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Memphis Daily News
Ed Wallin Spends Lifetime Helping Traumatized Vets
September 7, 2015
By Dr. Mary C. McDonald

Abraham Lincoln said, “Commitment is what transforms a promise into a reality.”

It’s the kind of commitment Ed Wallin has. He doesn’t count the days, months or years, the successes or failures, the efforts or rejections, but simply keeps going, to keep the promise.

That commitment has kept Ed going since his return from Vietnam in the late 1960s after his second tour of duty as an Army chaplain.

Ed, a native New Yorker, was always committed to serving others. As a Paulist priest he was assigned to St. Patrick Church in Memphis. It was there that he worked to eliminate the poverty, walked with Dr. Martin Luther King Jr., and joined the Army to serve as a chaplain to soldiers in combat.

After seeing and experiencing the atrocities of war, and understanding that the devastating effects of combat live on in veterans’ lives long after the war ends, Ed made a promise to spend the rest of his life taking care of veterans.

Ed left the priesthood after returning from Vietnam, went to Fordham University and received a degree as a clinical psychiatric social worker. He returned to Memphis to work at the VA Hospital. He spent the next 33 years assessing and working with combat soldiers suffering from post-traumatic stress disorder.
During this time a mother of two combat soldiers suffering from PTSD asked Ed how he could help her sons. Recognizing the growing problems of homelessness and PTSD among retuning soldiers, he, along with that mother, Ola Mae Rasom, co-founded Alpha Omega Veterans Services, the first home for veterans’ homeless services in the United States.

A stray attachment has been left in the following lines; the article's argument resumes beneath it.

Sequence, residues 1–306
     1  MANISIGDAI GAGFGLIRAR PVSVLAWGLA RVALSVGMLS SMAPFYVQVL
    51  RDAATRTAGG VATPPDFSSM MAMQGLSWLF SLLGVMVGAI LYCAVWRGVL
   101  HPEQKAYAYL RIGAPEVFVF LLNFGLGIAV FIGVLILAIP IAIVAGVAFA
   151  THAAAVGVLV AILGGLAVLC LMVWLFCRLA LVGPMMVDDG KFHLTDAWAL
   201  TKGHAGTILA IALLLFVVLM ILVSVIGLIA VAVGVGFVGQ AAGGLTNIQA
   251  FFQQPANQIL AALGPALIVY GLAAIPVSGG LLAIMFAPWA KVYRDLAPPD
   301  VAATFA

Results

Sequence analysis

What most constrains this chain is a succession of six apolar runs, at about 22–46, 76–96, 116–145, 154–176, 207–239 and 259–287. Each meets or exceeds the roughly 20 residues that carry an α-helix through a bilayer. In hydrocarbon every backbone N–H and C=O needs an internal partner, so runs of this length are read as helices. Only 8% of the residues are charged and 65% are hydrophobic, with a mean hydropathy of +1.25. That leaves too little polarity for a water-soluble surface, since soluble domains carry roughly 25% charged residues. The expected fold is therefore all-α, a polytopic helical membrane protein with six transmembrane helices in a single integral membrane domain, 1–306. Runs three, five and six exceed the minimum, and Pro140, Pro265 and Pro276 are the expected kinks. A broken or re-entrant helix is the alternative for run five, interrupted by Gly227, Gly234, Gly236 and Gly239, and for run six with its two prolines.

It is still a beacon of hope for many military veterans today, leading the way in addressing the plight of homelessness among veterans.
There are more than 61,000 military veterans in Shelby County, and 40 percent of them are over the age of 65. Their need for long-term nursing care is growing.

While there are many good senior care facilities, meeting the unique needs of military veterans, especially the need for comradery with their follow soldiers, was the seed that Ed planted seven years ago that led to the current grassroots effort to build a much-needed state veterans home in West Tennessee.
With the help of concerned citizens like Sen. Mark Norris, Assistant District Attorney Kevin Rardin, Henry Hooper and a multitude of others, the vision for a West Tennessee Veterans Home ( is getting close to being a reality.

The highly skilled, 144-bed nursing facility will be built in Arlington and offer long-term and rehabilitation services. The project, sidelined since 2004 and viewed as a political orphan, was reinvigorated by Ed and his friends who are raising the needed funds and support. Ed sees it as a way to thank our veterans for their service.

Even at age 87, Ed’s commitment hasn’t waned.
“I’m seeing this through till the end. On my gravestone it will say, “We did it!”

Contact Dr. Mary C. McDonald, a national education consultant, at 574-2956 or visit

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